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film review: Tiny Furniture

film review: Tiny Furniture

It would be enough to report that I’ve just seen a smart, funny independent feature, but Tiny Furniture heralds the arrival of a smart, funny new voice to the filmmaking scene—which is even better news. Writer-director Lena Dunham also stars in the film along with her mother and sister, playing, respectively, her mother (an artist who photographs miniatures) and sister (a high school student who’s just won a national poetry prize). It would be intimidating for anyone to compete, let alone coexist, with this duo.

Dunham, whose main credential prior to this was an online series called The Delusional Downtown Divas, paints a rich, tartly funny portrait of a recent college graduate named Aura who moves back to her mother’s apartment in TriBeca. It’s supposed to be temporary, but the awkward child-woman is openly torn between independence and—

—and wanting to be cradled by her mother in bed.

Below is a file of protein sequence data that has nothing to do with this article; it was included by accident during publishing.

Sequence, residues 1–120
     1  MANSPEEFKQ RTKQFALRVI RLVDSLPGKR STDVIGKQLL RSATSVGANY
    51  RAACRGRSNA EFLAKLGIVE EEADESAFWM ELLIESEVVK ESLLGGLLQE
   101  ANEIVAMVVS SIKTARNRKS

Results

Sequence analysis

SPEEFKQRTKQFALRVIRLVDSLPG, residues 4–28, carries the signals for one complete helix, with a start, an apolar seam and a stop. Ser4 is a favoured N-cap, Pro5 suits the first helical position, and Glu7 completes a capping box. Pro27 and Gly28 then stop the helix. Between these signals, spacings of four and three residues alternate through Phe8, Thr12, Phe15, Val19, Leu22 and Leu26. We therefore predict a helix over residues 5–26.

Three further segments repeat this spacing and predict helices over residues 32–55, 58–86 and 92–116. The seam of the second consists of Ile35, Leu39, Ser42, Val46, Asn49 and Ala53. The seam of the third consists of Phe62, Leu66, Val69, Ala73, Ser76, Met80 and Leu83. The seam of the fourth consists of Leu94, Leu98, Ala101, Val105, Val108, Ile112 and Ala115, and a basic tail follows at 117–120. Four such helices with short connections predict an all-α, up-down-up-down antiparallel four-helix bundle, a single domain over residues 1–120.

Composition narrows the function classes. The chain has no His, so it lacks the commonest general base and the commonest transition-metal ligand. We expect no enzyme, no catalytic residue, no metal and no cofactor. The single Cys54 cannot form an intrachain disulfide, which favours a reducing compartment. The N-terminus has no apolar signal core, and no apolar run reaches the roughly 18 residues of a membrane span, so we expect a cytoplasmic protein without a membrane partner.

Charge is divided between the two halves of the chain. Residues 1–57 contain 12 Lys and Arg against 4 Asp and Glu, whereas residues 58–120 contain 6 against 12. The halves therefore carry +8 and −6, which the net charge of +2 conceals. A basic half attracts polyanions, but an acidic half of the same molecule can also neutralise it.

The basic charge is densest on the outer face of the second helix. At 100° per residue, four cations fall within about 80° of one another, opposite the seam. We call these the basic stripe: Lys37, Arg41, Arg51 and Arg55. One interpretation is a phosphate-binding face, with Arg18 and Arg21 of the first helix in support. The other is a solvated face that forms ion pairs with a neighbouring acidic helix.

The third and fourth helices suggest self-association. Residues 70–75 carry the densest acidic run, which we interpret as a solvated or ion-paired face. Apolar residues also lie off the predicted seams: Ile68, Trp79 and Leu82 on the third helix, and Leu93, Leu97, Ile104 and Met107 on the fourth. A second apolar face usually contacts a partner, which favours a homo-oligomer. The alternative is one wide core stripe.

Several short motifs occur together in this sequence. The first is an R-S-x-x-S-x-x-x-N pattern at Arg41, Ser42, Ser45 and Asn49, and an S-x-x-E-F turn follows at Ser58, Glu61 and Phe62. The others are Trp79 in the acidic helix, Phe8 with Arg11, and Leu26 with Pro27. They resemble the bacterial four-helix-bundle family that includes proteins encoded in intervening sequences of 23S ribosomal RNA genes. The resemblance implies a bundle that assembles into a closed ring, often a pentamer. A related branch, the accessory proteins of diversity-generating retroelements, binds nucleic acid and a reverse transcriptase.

The real marvel of Tiny Furniture is that no one on camera seems self-conscious; the scenes play out with remarkable spontaneity and natural humor as we follow Aura’s uneasy return to her home turf in Manhattan and encounter various friends, old and new.

Dunham poses no threat to Judd Apatow: her film is modest in the extreme and highly personal, but it has a freshness and comic vigor that’s worth applauding.

Having won the Audience Award at the South by Southwest Film Festival, Tiny Furniture has already jump-started Dunham’s career. HBO has signed her to develop a comedy series, presumably in the same style as her short videos and this feature. I hope she continues to develop worthy projects—in any medium—so we can enjoy her highly individual point of view.

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